As you know, equities have been on a tear in September, and in this market environment, we also know most assets are highly correlated and tend to move together. At times, it seems like there are only two trades. There is the "risk on" trade as represented by equities and commodities, and there is the "risk off" trade when bonds outperform. This is nothing new and something that has been present for a long while.
As an example of this one way trade, we can overlay a chart of copper, as represented by the iPath DJ AIG Copper ETN (symbol: JJC), with the S&P500 (symbol: $INX). See figure 1 a daily chart with JJC in red and the $INX in blue. The tight correlations are pretty obvious over the past 12 months.
Figure 1. JJC v. $INX/ daily
However, an important divergence is developing and that is between crude oil and equities. Crude oil has been in a range for the past month and has not risen like equities or other commodities. As we can see in figure 2 a daily chart of the United States Oil Fund (symbol: USO) versus the S&P500 (symbol: $INX), USO is lagging. Over the past year when the risk trade is on, there is talk of improving global growth, which means all commodities and stocks rise together. That is not the case this month.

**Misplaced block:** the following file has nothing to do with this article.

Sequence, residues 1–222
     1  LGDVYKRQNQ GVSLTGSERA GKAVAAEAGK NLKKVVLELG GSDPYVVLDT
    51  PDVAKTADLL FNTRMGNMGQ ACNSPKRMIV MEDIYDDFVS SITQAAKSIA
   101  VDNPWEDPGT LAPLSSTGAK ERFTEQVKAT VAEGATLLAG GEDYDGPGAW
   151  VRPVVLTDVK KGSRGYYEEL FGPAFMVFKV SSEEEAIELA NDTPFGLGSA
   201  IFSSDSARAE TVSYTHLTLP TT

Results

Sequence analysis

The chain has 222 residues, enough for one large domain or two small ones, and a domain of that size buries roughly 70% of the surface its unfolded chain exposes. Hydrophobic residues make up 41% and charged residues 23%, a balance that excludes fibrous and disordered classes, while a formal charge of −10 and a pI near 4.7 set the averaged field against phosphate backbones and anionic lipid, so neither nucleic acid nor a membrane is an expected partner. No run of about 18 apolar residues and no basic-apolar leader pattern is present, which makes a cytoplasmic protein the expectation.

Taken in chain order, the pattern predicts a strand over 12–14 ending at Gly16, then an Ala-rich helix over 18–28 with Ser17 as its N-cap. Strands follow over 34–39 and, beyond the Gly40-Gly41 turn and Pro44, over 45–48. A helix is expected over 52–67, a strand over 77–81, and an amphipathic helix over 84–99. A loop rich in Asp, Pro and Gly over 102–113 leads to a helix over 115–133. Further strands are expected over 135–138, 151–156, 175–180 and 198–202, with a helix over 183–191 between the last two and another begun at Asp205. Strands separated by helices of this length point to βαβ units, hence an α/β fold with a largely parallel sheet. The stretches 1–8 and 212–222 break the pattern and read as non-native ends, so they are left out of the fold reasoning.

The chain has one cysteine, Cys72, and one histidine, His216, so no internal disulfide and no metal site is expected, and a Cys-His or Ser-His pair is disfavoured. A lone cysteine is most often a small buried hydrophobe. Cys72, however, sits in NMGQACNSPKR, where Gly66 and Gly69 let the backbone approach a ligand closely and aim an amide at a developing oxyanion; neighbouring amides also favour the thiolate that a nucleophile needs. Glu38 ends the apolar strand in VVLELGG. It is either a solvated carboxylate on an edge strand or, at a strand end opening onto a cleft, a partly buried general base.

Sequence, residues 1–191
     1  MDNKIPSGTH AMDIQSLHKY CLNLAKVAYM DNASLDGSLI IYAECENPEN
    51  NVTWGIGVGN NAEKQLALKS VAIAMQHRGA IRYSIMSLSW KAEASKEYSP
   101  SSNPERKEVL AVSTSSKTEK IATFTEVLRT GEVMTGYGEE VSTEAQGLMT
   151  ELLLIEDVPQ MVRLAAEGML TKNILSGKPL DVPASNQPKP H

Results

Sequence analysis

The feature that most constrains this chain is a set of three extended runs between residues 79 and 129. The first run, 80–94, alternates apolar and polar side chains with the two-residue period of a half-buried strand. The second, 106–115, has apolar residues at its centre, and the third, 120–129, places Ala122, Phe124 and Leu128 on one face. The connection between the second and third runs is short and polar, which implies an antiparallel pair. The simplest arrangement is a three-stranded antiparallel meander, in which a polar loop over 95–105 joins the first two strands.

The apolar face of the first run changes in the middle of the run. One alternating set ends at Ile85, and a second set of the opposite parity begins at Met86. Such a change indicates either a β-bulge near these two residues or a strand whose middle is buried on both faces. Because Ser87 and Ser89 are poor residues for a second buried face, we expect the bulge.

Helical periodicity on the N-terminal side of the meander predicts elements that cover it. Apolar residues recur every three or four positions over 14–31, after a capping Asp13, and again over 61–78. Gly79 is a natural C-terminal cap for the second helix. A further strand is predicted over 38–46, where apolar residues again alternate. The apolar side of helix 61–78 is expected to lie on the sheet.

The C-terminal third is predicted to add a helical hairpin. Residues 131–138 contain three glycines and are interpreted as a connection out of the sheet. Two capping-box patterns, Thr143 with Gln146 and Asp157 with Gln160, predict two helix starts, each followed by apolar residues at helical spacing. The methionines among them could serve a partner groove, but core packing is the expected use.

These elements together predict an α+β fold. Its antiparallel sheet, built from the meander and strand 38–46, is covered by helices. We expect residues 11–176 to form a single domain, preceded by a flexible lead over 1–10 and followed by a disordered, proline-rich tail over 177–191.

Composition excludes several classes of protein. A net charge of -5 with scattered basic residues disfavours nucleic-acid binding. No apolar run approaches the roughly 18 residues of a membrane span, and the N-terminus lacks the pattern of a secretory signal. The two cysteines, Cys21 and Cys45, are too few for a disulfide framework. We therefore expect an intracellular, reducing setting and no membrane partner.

Figure 2. USO v. $INX/ daily
So what gives? Oil fundamentals are such that demand is weak, as the global recovery stalls, and supply is plentiful. Oil is a good inflation hedge, but according to the Federal Reserve, there is little inflation in the pipeline. Of course, neither fundamentals nor macro concerns ever really matter until they do, and the high correlations between assets over the past year suggests that these factors matter little anyway.
In my opinion, several things can happen here. One, oil can catch a bid as traders rotate to this under performing asset. Pick your reason (improving global growth or inflation) as to why oil will go up, but if it goes up it would suggest a continuation of the risk trade beyond what we have seen this month. Two, oil can break down, and most likely this will take equities lower. I believe that is the real message in this divergence. There is rising risk in rising equity prices as correlations unravel.